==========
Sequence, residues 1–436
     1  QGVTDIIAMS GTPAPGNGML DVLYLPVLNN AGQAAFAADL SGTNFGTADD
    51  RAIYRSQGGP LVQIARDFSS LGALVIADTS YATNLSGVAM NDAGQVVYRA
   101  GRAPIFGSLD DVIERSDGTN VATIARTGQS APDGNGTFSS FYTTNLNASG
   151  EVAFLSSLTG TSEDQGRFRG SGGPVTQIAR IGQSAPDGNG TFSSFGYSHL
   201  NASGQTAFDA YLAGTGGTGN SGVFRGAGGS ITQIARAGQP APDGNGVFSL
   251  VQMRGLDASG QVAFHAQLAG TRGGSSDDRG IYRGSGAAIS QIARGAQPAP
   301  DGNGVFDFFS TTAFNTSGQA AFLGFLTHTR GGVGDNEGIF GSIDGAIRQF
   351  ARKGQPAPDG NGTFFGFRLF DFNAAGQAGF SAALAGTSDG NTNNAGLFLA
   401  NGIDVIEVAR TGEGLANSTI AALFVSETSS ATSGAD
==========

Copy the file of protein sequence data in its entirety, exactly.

Sequence, residues 1–436
     1  QGVTDIIAMS GTPAPGNGML DVLYLPVLNN AGQAAFAADL SGTNFGTADD
    51  RAIYRSQGGP LVQIARDFSS LGALVIADTS YATNLSGVAM NDAGQVVYRA
   101  GRAPIFGSLD DVIERSDGTN VATIARTGQS APDGNGTFSS FYTTNLNASG
   151  EVAFLSSLTG TSEDQGRFRG SGGPVTQIAR IGQSAPDGNG TFSSFGYSHL
   201  NASGQTAFDA YLAGTGGTGN SGVFRGAGGS ITQIARAGQP APDGNGVFSL
   251  VQMRGLDASG QVAFHAQLAG TRGGSSDDRG IYRGSGAAIS QIARGAQPAP
   301  DGNGVFDFFS TTAFNTSGQA AFLGFLTHTR GGVGDNEGIF GSIDGAIRQF
   351  ARKGQPAPDG NGTFFGFRLF DFNAAGQAGF SAALAGTSDG NTNNAGLFLA
   401  NGIDVIEVAR TGEGLANSTI AALFVSETSS ATSGAD